Need a spa day but can't get to the spa? Look no further than your very own kitchen. Here are some simple remedies for common ailments that you can concoct from everyday ingredients. As always, if symptoms worsen or persist, see a medical professional.
For a simple dandruff remedy, soak 1/3 cup (75 mL) chopped fresh or crumbled dry rosemary leaves in 1 cup (250 mL) regular shampoo for 2 weeks. Strain shampoo and use as always.
For dry facial skin, try this moisturizing mask: Whisk together 1 egg yolk, 1 tsp (5 mL) liquid honey and 2 tbsp (25 mL) sour cream or yogurt until blended. Smooth over clean face, avoiding eye area; relax for 15 minutes. Rinse thoroughly with warm water. Wash hands well with soap.
If you have oily skin, give your face a treat with oats and honey. Mash 1/3 cup (75 mL) quick-cooking rolled oats with 2 tbsp (25 mL) freshly squeezed lemon juice and 2 tsp (10 mL) liquid honey; stir in enough water to make a paste. Spread over face, avoiding eye area; relax for 10 minutes. Rinse off with warm water.
If that late-night TV movie has left you with puffy, stinging eyes, try the age-old remedy of covering them with cucumber slices. You'll have bright, cheery peepers come morning.
Soothe dry, itchy skin (or get relief from chicken pox) in a warm oatmeal bath. Using a food processor, process 2 cups (500 mL) quick-cooking rolled oats until powdery. Sprinkle under warm running water when filling the bathtub.
Ease sore, creaky joints and minor sprains with an ointment made by combining 1/2 cup (125 mL) olive oil with 1/4 tsp (1 mL) cayenne pepper. Place in jar and leave in sun for 2 weeks; shake daily. Massage into joints. Wash off. (Warning: Wash hands well after applying!)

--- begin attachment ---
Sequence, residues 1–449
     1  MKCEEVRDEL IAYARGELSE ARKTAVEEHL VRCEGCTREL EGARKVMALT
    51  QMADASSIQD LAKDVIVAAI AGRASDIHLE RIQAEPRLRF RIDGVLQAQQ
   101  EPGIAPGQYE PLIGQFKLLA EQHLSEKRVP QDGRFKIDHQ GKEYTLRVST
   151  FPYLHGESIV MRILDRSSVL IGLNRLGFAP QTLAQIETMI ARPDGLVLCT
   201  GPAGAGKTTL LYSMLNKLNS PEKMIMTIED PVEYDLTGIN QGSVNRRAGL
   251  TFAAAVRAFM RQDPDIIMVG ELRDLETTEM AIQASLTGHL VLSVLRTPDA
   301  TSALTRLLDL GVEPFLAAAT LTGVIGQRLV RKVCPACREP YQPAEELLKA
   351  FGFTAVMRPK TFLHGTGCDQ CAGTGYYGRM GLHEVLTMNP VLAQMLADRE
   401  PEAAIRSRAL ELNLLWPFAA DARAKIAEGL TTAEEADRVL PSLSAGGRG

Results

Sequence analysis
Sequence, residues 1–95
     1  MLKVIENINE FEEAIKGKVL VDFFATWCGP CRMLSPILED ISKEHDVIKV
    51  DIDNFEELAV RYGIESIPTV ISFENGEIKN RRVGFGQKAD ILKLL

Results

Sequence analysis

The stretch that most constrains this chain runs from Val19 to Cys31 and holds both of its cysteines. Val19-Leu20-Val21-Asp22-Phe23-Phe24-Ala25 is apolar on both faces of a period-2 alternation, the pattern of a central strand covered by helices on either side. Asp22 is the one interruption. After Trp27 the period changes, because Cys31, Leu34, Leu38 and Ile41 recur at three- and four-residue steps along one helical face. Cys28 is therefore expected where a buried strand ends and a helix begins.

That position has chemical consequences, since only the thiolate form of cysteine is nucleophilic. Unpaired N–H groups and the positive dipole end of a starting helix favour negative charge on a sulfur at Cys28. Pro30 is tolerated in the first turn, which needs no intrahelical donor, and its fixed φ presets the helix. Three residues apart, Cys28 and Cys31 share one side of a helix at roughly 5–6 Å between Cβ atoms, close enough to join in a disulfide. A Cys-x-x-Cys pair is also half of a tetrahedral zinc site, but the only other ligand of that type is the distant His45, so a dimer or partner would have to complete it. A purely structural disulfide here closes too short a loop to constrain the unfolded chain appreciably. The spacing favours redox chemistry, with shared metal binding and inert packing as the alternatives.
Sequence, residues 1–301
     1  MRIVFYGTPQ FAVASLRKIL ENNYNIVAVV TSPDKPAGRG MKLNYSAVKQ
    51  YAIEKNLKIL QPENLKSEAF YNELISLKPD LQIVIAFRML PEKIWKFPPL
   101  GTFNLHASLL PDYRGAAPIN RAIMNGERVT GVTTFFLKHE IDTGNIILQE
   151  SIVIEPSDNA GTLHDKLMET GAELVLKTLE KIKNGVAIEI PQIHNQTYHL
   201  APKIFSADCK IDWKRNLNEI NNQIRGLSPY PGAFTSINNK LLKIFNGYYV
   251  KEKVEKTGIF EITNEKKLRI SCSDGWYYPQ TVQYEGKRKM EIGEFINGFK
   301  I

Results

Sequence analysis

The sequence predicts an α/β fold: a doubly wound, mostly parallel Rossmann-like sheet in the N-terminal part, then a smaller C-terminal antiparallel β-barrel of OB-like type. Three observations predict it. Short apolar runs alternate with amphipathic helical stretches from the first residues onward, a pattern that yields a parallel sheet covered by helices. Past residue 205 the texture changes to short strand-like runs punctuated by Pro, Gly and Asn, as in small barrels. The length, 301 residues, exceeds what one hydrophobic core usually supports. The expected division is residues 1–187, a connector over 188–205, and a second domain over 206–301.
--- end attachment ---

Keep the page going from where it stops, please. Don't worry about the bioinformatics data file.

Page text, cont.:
Instead of an expensive paraffin treatment for dry, irritated hands, massage them with 1 tbsp (15 mL) olive oil and put on rubber gloves (avoid those with flock lining) before washing dishes. The heat from the dishwater will help hands absorb the oil, leaving them soft and smooth. Repeat often.
To eliminate running shoe or gym bag odours, sprinkle the insides liberally with baking soda, then discard the powder. A box of baking soda placed in your gym locker will deodorize it.
Keep a potted aloe vera plant on your kitchen windowsill. The gel inside makes a terrific first-aid ointment for minor burns, nicks, cuts, and fungal infections such as athlete's foot. Break off a 1- to 2-inch (2.5 to 5 cm) piece of the plant. Squeeze and roll it between thumb and forefinger to extract gel and apply liberally to affected area. Repeat often.
Tame insect stings by rubbing the spot with a fresh piece of raw onion, papaya or pineapple or with a crushed garlic clove. Or make a paste of meat tenderizer and water and rub into sting.
Black tea applied to minor wounds may help reduce bleeding and prevent infection. Simply soak a cotton ball with a dilute solution of the cooled brew, which is astringent, and dab onto wound.
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